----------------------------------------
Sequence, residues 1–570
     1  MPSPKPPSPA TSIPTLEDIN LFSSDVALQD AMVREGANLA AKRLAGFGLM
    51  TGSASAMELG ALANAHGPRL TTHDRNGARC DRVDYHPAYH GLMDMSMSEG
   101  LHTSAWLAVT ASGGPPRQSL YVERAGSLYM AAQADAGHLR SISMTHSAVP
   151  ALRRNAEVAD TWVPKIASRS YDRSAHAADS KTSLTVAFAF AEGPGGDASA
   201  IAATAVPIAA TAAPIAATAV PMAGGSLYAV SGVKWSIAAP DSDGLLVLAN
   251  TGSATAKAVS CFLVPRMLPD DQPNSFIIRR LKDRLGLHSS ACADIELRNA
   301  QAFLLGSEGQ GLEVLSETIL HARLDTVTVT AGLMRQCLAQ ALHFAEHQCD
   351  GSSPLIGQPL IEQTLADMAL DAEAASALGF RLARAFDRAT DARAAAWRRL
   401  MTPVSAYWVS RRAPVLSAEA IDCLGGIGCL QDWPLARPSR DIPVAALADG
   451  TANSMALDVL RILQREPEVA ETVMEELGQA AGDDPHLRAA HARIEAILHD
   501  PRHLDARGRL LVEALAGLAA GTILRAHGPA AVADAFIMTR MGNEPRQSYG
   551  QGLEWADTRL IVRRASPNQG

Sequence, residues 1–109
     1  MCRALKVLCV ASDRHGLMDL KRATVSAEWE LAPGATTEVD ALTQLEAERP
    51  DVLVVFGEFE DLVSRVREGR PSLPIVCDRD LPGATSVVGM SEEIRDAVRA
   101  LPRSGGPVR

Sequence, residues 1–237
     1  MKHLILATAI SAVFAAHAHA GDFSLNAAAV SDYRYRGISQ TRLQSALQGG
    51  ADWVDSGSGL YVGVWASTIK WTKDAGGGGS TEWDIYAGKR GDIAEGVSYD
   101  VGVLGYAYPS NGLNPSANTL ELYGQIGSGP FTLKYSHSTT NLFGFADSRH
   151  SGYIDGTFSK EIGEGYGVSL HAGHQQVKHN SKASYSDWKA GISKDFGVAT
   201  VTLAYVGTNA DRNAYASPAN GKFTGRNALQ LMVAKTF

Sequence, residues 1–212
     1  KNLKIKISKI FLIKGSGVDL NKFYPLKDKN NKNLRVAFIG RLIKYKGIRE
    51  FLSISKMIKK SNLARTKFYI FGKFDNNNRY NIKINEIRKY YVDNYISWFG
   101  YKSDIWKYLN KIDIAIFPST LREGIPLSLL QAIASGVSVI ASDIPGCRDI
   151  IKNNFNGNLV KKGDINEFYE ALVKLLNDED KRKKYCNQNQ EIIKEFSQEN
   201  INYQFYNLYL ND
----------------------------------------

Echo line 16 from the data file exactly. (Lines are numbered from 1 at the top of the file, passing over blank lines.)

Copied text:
    51  DVLVVFGEFE DLVSRVREGR PSLPIVCDRD LPGATSVVGM SEEIRDAVRA